The dean of one of Israel's media studies schools has quit her post as a member of the Government Press Office's advisory council in protest of obstacles it places before freedom of the press.
"The council's objective is to grant its approval of an old wrong, in the guise of democracy - and I will not lend my hand to this," said Eva Berger, dean of the School of Media Studies at the College of Management in Rishon Letzion.
Berger linked her resignation to recent government proposals that many see as restricting freedom of expression, like efforts to make it easier for politicians to sue the media for libel and to block most foreign funding for left-wing nonprofit groups.
The government also recently shut down a Jewish-Palestinian radio station and has threatened to shut Channel 10 television over outstanding debts.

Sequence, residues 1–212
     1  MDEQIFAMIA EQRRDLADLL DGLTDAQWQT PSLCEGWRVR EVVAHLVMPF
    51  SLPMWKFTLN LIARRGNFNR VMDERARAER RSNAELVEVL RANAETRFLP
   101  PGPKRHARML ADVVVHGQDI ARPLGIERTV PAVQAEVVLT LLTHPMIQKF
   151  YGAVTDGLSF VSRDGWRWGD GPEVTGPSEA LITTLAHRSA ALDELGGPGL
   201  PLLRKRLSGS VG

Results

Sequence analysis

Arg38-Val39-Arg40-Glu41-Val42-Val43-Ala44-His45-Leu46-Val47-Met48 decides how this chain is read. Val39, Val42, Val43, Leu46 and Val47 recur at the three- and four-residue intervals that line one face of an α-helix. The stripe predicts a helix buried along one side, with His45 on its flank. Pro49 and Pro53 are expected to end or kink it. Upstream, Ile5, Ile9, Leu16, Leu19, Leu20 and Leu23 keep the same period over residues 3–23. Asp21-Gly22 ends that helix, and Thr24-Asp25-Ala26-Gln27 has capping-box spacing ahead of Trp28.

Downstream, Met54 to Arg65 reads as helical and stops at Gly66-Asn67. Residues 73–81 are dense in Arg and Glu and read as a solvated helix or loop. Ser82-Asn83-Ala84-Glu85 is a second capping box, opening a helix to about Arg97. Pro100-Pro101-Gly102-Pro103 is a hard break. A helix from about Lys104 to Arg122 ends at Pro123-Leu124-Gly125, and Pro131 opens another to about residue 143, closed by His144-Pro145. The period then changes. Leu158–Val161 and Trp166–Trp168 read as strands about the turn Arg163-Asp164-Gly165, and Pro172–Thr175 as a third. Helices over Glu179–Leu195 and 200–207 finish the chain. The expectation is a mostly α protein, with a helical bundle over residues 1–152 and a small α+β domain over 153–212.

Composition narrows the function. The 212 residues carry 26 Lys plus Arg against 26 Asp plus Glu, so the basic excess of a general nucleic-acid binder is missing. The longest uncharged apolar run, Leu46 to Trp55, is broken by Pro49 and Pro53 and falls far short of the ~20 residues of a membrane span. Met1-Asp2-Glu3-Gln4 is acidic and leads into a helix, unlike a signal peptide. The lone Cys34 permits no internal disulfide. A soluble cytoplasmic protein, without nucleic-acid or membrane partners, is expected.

Berger said she wanted her fellow council members to consider whether the government should even be involved in determining who should be considered a journalist.
The GPO issues press passes and determines who is eligible to receive them.
"I naively thought that in light of the dignified composition [of the advisory council], it could be a dynamic and thinking council and could discuss any finding, based on the information it has," she said. "The fact that this is not the case comes on top of the silencing" of anti-establishment voices, which she said was a goal of recent legislative proposals.
Berger also protested the involvement of security forces in assessing applicants' eligibility for the government-approved press passes, an issue that came before the council when journalists for Arab-language media outlets said they were having difficulty securing press passes.
"To put this decision in the hands of the security establishment is to add insult to injury," she said.